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For years we’ve been told to slash our sodium consumption to protect against strokes, heart attacks and high blood pressure. But now an influential committee says there’s no scientific evidence that a very low-salt diet cuts the risk of heart disease. In fact, the new Institute of Medicine report says that cutting sodium to 1,500 milligrams (mg) daily – the current government recommendation for older adults (ages 51 and up), African Americans and those with diabetes, high blood pressure and …
The following is a guest post by Janet Wright, MD, FACC, Executive Direction of Million Heartsâ„¢, a national initiative of the U.S. Department of Health and Human Services. As a practicing cardiologist for almost 25 years, I often met men and women for the first time when they suffered a serious and life-threatening event-a heart attack or stroke. I enjoyed being part of a team that used its skills to minimize damage and offer hope for a healthier future, and …
Retirement savers, take heed””these developments may not have made major headlines in 2011, but they’re still important to your retirement planning efforts. And while a diet high in sodium does increase heart disease risk, even more important is the ratio of sodium to potassium in your diet.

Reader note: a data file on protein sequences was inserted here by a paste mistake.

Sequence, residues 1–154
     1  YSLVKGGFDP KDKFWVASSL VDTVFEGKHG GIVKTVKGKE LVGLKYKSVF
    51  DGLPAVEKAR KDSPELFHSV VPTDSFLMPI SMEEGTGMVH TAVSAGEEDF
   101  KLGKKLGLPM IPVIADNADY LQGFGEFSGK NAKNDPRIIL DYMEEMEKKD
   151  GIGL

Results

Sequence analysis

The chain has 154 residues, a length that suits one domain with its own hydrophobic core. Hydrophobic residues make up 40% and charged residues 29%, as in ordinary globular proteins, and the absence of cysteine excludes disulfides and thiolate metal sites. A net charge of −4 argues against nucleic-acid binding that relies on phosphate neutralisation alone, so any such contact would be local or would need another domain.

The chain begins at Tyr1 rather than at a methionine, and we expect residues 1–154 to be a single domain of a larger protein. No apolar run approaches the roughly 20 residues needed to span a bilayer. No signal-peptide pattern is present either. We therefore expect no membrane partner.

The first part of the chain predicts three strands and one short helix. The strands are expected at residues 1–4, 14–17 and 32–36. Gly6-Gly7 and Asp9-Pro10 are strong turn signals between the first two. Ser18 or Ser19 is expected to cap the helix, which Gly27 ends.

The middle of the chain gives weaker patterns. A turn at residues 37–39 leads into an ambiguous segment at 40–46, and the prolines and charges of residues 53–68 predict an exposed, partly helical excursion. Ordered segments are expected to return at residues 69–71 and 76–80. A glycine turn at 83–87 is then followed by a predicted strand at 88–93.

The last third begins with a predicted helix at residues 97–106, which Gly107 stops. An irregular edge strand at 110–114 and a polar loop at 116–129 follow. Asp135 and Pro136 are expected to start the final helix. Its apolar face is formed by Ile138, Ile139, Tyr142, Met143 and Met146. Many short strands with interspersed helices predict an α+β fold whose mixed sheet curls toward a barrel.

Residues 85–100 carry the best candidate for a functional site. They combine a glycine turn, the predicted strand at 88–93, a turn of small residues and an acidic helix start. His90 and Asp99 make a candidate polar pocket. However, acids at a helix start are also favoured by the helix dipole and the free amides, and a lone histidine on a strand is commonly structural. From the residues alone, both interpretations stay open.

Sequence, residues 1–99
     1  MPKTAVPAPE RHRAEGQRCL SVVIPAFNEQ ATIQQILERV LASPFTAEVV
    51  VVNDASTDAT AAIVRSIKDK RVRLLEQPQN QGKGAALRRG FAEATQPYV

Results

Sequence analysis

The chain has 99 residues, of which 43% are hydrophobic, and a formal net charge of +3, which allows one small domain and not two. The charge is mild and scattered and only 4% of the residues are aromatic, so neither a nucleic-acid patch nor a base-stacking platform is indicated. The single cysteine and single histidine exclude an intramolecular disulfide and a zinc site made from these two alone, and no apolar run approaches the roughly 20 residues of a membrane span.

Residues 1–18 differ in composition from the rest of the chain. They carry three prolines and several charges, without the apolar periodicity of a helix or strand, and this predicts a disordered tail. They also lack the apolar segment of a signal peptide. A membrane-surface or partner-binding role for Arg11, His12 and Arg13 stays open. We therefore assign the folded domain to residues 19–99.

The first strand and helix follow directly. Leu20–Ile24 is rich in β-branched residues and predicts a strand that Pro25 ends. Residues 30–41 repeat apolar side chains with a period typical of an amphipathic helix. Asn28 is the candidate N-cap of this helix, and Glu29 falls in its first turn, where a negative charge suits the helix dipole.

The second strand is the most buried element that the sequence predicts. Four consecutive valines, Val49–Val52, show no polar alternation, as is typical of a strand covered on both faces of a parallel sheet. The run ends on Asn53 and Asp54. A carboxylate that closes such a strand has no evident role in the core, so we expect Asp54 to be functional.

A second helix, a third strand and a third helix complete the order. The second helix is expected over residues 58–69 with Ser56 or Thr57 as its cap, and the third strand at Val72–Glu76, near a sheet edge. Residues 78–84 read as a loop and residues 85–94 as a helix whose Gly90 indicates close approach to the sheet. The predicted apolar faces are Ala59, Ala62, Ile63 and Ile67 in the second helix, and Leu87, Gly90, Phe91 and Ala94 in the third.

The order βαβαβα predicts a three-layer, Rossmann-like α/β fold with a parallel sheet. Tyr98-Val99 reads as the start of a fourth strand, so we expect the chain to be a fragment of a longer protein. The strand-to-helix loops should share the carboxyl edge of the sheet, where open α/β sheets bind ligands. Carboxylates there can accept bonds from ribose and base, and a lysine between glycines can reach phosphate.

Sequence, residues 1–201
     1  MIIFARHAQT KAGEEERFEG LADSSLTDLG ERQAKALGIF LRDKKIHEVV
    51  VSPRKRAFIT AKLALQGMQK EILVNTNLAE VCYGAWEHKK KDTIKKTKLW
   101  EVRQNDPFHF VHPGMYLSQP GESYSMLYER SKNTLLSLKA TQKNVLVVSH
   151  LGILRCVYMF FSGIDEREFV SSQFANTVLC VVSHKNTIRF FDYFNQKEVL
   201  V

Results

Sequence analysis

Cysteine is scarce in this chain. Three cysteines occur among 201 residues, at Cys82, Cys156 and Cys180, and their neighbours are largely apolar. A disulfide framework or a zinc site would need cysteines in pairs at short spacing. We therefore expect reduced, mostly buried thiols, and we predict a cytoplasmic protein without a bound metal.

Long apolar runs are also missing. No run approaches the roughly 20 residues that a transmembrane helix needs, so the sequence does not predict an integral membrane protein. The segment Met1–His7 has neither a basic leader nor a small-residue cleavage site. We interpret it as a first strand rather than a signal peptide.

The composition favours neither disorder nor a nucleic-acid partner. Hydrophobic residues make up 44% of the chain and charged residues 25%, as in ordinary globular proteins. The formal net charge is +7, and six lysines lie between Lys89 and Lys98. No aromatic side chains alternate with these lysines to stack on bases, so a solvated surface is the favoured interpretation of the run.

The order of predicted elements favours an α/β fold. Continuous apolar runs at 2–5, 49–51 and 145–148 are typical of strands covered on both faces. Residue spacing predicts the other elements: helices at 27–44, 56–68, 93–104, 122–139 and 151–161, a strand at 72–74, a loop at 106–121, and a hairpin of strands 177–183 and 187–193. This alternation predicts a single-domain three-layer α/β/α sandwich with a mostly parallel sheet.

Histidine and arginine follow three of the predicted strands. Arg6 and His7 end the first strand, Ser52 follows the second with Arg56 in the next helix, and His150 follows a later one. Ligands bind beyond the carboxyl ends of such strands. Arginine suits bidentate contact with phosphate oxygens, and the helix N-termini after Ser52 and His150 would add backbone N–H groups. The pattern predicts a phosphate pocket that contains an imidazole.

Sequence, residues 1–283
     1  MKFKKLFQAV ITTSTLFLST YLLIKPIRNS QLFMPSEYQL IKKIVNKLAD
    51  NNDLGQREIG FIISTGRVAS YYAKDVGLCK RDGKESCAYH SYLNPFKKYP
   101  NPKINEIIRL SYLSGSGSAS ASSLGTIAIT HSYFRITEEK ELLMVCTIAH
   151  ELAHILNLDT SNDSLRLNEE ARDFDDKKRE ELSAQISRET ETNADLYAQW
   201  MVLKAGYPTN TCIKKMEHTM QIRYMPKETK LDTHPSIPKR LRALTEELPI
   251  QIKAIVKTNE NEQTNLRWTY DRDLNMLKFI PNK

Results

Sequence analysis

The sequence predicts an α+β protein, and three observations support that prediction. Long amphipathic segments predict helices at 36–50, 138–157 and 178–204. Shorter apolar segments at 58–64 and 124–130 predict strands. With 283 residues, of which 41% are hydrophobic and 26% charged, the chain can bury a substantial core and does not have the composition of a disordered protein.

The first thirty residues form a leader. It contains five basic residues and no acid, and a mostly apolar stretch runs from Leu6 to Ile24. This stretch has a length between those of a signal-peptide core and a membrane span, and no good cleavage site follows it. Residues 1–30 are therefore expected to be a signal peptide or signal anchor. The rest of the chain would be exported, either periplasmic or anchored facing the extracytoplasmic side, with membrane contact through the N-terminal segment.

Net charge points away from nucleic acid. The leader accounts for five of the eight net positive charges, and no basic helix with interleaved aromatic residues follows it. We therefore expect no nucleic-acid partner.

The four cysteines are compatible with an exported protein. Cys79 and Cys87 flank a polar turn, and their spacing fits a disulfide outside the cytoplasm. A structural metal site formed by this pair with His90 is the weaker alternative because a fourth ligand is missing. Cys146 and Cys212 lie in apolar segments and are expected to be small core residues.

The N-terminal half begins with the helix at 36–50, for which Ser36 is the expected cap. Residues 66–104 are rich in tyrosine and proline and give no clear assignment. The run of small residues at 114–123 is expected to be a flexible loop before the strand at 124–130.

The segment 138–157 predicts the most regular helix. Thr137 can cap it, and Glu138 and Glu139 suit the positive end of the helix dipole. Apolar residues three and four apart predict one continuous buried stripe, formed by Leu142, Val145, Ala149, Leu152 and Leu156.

The percentage of boomers””73 percent””planning to postpone retirement longer than they thought has risen six percent since just this past spring. And new research shows that though cutting back on salt does lower blood pressure, it could increase other heart disease risk factors.
A new report from the Centers for Disease Control and Prevention says most Americans still consumer too much sodium, despite the fact that we should all know better. And the Social Security Administration has also bumped up the limits on the amount working ‘retirees’ can earn without seeing a cut in Social Security benefits